"We found that this particular obsidian type was coming to Zhokhov Island from the area of the Krasnoye Lake. This is a super-long distance to travel, and it is hard to imagine that the ancient people could possibly make such trips some 9000 years ago. Most likely, they met other people at intermediate points and exchanged products made of obsidian, or enjoyed primitive trade," said one of the authors of the article, Vladimir Pitulko, RSF project's principal investigator, Ph.D. in history, senior researcher at the Paleolithic Department of the Institute for the History of Material Culture, Russian Science Foundation.
The researchers also analyzed more than 54,000 faunal remains from hunting and reconstructed the yearly economic cycle of the inhabitants of the Zhokhov site. The occupants of the site were classic terrestrial hunters who practiced reindeer hunting. However, in the winter, they hunted polar bears sleeping in lairs. This provided a reliable and stable food supply, because there were quite a lot of the bear dens in this area.
Previously, scientists investigated the bones of medium-sized canids; they indicate the presence of a well-formed dog that lived together with the people of Zhokhov site. In addition, these animals are similar in size and body weight to modern sled dogs. Findings of parts of sleds including runners prove that the inhabitants of these territories had a well-developed transport system. Thanks to that system, the inhabitants of Zhokhov site likely traveled to the nearby territories, which were still part of the mainland at that time, and maintained relations with distant people.
Vladimir Pitulko also noted that sites in the mouths of Kolyma and Indigirka rivers could serve as the intermediate points in that trade. In this case, the distance between the exchange points was about 700 km, which is quite possible to travel in early spring using sled dogs.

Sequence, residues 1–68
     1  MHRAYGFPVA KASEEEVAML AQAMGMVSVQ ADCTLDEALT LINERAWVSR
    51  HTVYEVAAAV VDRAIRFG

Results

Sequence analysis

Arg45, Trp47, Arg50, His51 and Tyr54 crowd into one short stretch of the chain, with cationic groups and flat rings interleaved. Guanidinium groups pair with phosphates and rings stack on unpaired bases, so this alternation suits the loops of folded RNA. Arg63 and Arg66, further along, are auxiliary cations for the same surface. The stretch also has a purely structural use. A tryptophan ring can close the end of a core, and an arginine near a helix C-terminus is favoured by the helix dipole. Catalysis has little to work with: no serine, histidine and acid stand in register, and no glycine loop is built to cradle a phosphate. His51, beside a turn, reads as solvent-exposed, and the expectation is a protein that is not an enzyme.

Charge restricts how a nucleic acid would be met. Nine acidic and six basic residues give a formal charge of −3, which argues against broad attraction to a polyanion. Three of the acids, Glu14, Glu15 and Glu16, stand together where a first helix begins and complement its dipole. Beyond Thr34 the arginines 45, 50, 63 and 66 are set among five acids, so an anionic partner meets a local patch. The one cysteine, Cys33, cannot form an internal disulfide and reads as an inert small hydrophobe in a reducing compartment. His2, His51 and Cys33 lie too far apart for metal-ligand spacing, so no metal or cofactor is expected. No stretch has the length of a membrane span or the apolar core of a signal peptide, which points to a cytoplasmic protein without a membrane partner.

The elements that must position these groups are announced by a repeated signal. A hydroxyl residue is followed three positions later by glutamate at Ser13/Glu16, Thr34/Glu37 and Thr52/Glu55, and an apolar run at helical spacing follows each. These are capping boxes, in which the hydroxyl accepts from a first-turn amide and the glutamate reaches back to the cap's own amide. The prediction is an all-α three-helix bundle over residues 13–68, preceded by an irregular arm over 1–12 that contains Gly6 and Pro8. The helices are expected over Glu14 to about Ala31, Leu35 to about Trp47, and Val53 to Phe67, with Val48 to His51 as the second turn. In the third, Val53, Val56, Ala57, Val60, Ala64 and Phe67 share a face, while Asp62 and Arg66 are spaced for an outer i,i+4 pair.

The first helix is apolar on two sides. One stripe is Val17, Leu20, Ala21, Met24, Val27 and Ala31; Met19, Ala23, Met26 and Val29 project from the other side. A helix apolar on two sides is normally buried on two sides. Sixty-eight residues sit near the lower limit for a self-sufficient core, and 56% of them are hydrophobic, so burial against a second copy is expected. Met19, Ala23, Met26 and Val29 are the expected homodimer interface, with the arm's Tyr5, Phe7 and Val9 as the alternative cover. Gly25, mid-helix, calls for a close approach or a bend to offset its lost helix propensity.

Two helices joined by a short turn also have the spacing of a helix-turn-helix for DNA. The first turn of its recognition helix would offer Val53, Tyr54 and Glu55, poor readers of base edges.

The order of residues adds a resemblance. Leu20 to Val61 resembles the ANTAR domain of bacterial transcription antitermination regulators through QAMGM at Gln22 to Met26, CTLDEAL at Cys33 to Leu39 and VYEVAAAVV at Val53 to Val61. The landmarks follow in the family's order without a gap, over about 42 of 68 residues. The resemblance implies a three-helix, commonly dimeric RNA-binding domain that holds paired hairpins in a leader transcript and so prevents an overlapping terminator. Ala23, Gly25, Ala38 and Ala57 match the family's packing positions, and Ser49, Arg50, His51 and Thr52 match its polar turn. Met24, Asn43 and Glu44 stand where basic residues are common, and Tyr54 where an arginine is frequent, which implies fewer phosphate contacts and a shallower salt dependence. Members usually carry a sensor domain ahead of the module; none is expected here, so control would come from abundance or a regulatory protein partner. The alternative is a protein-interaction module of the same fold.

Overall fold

Such meetings turned into fairs later on as the inhabitants of the north of Eastern Siberia organized them in the 18th and 19th centuries, but not only for the exchange of goods. The exchange of information was considered to be of much more importance. In any case, the material evidence on Zhokhov island is presented with a minimum of findings. Probably an important result of such meetings was marriage contacts necessary to secure biological stability of small groups of people who lead an isolated life.
"The results of our research indicate a high level of sociocultural relations that existed among the ancient population of the Arctic in Eastern Siberia 9000 years ago, and about the engagement of people from the Zhokhov site. These people who lived on the edge of the Earth were not isolated. On the contrary, contacts within these societies were much more developed than it used to be thought," concluded Vladimir Pitulko.
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Vladimir V. Pitulko et al, 'They came from the ends of the earth': long-distance exchange of obsidian in the High Arctic during the Early Holocene, Antiquity (2019). DOI: 10.15184/aqy.2019.2